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How is surgery used in the treatment of prostate cancer?

Surgery is one of the common treatments of cancer of the prostate. A doctor may take out the cancer using one of the following operations. Surgery is usually reserved for patients in good health, who are younger than 70 years of age, and who elect surgical intervention.

Radical prostatectomy is the removal of the prostate and some of the tissue around it. The doctor may do the surgery by cutting into the space between the scrotum and the anus (the perineum) in an operation called a perineal prostatectomy or by cutting into the lower abdomen in an operation called a retropubic prostatectomy. Radical prostatectomy is done only if the cancer has not spread outside the prostate. Often before the prostatectomy is done, the doctor will do surgery to take out lymph nodes in the pelvis to see if they contain cancer. This is called a pelvic lymph node dissection. If the lymph nodes contain cancer, usually the doctor will not do a prostatectomy and may or may not recommend other therapy at this time. Impotence and leakage of urine from the bladder can occur in men treated with surgery.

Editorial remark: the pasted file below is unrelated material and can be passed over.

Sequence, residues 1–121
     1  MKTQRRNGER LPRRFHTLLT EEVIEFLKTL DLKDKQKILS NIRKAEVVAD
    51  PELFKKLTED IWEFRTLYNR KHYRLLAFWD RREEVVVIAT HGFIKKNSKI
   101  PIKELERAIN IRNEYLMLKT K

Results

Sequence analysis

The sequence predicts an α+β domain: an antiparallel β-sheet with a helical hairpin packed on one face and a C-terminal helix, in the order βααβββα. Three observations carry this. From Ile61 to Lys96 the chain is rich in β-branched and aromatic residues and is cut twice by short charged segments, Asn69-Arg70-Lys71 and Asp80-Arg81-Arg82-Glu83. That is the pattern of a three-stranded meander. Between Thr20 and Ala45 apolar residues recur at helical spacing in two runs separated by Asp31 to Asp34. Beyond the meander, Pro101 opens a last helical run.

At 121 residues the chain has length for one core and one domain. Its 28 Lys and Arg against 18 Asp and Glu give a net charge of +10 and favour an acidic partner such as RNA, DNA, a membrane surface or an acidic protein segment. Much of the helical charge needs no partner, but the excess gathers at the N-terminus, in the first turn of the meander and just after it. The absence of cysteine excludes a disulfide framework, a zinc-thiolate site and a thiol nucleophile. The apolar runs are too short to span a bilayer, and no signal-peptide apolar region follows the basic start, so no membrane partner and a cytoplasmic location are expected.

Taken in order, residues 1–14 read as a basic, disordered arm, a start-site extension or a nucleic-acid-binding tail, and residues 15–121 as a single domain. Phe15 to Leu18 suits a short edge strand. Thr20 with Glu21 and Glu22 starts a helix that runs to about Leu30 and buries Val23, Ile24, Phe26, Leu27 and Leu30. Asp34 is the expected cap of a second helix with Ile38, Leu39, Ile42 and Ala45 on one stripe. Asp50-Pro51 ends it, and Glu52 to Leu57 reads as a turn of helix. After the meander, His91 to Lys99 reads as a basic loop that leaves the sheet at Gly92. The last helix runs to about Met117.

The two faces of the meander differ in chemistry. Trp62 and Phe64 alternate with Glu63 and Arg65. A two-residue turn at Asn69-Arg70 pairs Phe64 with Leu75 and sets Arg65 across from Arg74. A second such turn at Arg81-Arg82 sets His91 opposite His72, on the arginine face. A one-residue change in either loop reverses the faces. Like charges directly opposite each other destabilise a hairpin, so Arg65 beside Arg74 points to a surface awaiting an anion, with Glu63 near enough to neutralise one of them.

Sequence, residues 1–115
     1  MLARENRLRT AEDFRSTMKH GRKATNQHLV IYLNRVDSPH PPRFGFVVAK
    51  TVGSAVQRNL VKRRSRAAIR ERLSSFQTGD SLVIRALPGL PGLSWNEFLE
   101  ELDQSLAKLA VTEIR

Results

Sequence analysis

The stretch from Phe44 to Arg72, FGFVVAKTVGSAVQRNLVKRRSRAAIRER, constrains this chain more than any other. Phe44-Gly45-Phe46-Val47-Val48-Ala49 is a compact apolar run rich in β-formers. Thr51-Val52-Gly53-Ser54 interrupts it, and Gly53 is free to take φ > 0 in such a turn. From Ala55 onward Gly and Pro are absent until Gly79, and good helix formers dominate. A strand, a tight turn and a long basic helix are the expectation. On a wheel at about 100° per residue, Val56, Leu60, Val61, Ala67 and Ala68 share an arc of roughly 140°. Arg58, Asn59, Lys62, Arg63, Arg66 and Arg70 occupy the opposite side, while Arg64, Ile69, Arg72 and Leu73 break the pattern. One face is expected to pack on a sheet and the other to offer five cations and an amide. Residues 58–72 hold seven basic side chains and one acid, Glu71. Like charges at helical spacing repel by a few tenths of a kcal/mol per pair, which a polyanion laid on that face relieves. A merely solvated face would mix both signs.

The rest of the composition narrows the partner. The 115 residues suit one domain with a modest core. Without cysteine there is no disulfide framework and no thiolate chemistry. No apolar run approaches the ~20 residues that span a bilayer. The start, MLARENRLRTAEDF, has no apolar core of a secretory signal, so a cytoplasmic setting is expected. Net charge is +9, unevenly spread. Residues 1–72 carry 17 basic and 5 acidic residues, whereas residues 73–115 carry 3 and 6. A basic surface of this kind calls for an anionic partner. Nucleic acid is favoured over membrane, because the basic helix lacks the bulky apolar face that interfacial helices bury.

Transurethral resection is a procedure in which the cancer is cut from the prostate using a tool with a small wire loop on the end that is put into the prostate through the urethra. This operation is sometimes done to relieve symptoms caused by the tumor before other treatment or in men who cannot have a radical prostatectomy because of age or other illness.

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